The problem, of course, with doing that is that a comic paced as an eight-page episode loses all of its impact when, in its first month, you only get six of the pages and an abrupt ending, and then, in the second, you get two pages where the action rises to a weird climax, resolved over the third and maybe the fourth page, and then moves through the first half of the scripted second episode. A monthly episode needs at least eight pages to "breathe" properly anyway, and this inelegant solution doesn't benefit either story at all.

Having said that, I've argued (most recently over at my Bookshelf blog about ABC Warriors) that, at this point in his career, Mills is writing without concern for cliffhangers anyway. The Black Siddha story, "Return of the Jester," appears to be a single 48-page story and it might not matter how well it is divided, except that it simply doesn't have the impact, carved up the way that it is. "Stalingrad" fares even less well, as its writer, David Bishop, was certainly thinking in terms of individual episodes with specific rises and falls in each installment.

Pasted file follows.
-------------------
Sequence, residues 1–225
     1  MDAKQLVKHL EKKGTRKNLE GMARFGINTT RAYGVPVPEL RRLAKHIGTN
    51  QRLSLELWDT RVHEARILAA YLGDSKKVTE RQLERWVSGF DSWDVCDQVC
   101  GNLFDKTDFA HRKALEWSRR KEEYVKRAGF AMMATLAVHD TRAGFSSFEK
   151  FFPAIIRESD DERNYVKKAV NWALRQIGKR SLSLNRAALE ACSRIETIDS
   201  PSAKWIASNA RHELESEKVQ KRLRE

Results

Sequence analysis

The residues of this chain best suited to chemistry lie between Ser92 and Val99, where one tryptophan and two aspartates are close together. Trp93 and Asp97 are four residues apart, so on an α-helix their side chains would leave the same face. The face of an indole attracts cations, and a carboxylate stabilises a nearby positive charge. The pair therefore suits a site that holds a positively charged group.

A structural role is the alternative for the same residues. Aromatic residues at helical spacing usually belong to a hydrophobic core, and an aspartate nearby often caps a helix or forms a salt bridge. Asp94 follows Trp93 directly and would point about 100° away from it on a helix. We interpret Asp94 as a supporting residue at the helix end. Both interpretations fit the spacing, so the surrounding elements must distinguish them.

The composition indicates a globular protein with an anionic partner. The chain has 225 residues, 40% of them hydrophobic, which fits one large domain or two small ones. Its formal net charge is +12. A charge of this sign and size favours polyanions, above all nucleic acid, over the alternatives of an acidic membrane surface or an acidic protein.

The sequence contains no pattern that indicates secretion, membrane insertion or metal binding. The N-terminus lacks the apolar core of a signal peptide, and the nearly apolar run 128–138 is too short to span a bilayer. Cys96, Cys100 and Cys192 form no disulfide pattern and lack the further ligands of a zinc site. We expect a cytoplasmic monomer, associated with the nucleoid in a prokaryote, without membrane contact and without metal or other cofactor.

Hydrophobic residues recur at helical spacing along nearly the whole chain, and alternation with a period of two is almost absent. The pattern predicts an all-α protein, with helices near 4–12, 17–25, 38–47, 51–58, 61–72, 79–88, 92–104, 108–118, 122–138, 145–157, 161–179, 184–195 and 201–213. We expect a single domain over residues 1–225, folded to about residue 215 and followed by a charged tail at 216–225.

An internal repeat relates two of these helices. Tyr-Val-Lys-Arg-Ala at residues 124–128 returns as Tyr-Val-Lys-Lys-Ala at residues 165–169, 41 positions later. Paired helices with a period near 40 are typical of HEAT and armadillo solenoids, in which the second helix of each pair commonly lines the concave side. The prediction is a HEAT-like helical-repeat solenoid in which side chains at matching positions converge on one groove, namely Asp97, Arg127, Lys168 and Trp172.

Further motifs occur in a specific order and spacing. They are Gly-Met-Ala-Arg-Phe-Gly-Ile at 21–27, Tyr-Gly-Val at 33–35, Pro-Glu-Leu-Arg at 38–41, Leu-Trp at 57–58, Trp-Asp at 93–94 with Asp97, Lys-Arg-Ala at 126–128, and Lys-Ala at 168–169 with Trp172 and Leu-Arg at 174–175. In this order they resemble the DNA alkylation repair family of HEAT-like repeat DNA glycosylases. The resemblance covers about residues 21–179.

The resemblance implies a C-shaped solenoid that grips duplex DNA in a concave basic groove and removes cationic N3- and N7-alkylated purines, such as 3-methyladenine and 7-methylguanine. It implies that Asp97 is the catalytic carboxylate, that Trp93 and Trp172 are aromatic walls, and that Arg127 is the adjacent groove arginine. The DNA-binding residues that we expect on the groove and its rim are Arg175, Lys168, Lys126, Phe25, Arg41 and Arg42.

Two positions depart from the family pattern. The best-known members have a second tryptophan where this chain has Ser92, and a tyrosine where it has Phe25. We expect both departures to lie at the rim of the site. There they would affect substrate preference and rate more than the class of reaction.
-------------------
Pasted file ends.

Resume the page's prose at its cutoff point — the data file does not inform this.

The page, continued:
I guess another thing that happened since the last time I wrote in this blog is that Mills gave an absolutely epic three-hour interview for the ECBT2000AD guys and their podcast, and he took another swipe at this Fiends adventure. Bishop had previously been commissioned by the prose publisher Black Flame to write three or four Fiends novels that were pretty well-received, but it certainly didn't please Mills to see anybody else writing Fiends comics other than the strip's creator, Gerry Finley-Day. While the production issues - and, I'm sorry, Colin, the lettering - certainly impacted everybody's enjoyment of Fiends, Mills' comments about anybody other than a strip - any strip's - creator scripting new episodes were appreciated by Smith, who declined to commission any more stories. But he also hasn't commissioned any new Black Siddha either, leaving the story with a reasonably happy ending for its hero.

Stories from this prog have been reprinted in the following collected editions:
Fiends of the Eastern Front: The Complete Fiends of the Eastern Front (2000 AD's Online Shop)

Next time, the Red Seas are underground and Rawhead and Bloodybones are in London Town. See you in seven!